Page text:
As a proudly self-proclaimed they-at-home-mom — a non-binary parent whose pronouns are she/they — my experiences from pregnancy to today have been an interesting, sometimes frustrating, journey. Every parenting book I’ve read, class I’ve attended, and doctors office I’ve visited associates parenting and pregnancy with “women who were made for this,” and traditional narratives of pregnancy, postpartum, and beyond tend to do the same outside of those spaces. From mommy-and-me classes to maternity clothes, health services for pregnant women to birthing guides with exclusive language, the world of parenthood and expecting parents remains heavily influenced by the gender binary.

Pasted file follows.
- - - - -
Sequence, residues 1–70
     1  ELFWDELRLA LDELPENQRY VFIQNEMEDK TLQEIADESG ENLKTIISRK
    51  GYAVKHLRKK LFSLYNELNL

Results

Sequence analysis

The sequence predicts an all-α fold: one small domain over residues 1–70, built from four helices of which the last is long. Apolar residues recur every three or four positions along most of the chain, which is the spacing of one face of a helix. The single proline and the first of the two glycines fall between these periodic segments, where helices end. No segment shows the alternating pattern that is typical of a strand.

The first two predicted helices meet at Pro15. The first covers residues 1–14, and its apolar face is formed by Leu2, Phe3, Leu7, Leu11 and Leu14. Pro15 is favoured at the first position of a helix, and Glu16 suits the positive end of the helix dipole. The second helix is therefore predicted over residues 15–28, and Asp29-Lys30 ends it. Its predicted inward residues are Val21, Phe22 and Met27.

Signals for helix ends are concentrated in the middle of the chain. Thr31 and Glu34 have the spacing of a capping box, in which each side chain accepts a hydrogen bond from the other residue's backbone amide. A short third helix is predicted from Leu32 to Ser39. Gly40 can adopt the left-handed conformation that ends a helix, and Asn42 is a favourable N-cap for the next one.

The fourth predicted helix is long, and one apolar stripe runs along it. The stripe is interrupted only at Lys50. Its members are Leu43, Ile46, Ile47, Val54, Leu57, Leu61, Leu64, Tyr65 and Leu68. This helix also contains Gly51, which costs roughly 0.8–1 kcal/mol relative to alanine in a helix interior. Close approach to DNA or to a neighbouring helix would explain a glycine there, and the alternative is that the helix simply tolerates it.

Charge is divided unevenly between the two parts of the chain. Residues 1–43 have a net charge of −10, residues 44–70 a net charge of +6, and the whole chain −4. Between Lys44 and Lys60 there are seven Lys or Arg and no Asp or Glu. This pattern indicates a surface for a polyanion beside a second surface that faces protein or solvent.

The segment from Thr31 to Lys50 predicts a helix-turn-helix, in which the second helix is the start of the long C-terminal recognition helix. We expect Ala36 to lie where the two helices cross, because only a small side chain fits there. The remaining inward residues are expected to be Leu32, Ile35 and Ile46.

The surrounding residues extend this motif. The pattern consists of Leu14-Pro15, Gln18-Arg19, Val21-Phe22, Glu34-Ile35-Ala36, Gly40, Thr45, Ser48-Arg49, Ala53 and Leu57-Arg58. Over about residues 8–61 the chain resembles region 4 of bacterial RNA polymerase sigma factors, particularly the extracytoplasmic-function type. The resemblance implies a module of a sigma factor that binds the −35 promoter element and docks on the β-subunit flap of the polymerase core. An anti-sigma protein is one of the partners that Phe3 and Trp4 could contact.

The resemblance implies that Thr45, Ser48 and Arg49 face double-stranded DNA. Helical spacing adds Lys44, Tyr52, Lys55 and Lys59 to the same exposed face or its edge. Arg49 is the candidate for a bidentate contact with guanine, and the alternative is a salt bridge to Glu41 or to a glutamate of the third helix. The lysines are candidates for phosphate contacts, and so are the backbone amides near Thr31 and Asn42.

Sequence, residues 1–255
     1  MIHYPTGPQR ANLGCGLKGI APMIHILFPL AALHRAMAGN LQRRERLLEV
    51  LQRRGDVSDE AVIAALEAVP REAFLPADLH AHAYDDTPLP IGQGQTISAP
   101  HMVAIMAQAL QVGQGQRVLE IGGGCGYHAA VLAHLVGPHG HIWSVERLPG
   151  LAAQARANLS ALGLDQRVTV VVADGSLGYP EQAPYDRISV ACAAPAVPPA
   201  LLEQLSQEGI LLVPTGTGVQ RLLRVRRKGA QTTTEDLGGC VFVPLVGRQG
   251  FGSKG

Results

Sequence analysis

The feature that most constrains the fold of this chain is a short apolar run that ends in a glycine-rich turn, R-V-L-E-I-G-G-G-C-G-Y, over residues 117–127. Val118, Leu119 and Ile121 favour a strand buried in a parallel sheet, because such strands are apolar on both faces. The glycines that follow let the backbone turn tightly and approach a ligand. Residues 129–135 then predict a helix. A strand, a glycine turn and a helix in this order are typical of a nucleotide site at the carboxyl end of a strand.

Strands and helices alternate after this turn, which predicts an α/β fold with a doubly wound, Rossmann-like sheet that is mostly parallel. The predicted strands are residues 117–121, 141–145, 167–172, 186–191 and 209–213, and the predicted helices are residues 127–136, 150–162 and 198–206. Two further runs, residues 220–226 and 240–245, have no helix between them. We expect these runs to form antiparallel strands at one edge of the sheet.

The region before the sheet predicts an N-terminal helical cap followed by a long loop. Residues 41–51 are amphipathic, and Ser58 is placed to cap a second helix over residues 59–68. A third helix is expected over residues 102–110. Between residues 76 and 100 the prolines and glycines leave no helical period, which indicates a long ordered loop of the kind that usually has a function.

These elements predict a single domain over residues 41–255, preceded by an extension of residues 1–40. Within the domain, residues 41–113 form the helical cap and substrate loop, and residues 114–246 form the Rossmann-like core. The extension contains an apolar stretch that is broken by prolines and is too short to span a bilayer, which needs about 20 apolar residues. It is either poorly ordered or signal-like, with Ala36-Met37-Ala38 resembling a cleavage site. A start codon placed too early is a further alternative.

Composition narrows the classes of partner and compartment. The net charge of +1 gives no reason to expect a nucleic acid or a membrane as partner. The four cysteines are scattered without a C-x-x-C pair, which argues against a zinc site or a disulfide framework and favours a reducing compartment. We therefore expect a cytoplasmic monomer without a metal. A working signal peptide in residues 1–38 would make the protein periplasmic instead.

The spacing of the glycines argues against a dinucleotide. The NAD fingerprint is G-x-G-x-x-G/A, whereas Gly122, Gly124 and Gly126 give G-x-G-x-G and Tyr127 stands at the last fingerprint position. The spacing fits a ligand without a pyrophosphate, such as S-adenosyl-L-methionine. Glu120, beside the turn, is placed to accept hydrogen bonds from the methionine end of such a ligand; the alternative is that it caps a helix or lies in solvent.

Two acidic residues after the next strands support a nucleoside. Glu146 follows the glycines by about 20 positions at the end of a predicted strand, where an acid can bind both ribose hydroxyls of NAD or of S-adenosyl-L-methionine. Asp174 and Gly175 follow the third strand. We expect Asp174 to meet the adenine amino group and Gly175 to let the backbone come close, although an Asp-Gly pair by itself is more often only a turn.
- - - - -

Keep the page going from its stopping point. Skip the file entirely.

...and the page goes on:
But people of all gender identities, and even people who don’t identity with a gender at all, are capable of be becoming parents. The problem, of course, is that most parenting spaces do not respect this reality. So, for non-binary parents navigating pregnancy, birth, and life with children, it can be difficult to find spaces where you belong and support networks that are gender-affirming.
Please, take a moment to remember that non-binary parents exist. Some non-binary parents even use traditional words like “mom” and “dad” or “she” and “him” to describe themselves, and some don’t. Either way, our identities aren’t something to be figured out or debated. Our identities are something to be recognized, humanized, and taken seriously. And while we are not a monolithic group and do not all need the same things, I think a great way to start supporting non-binary parents is to make sure we're getting the following things: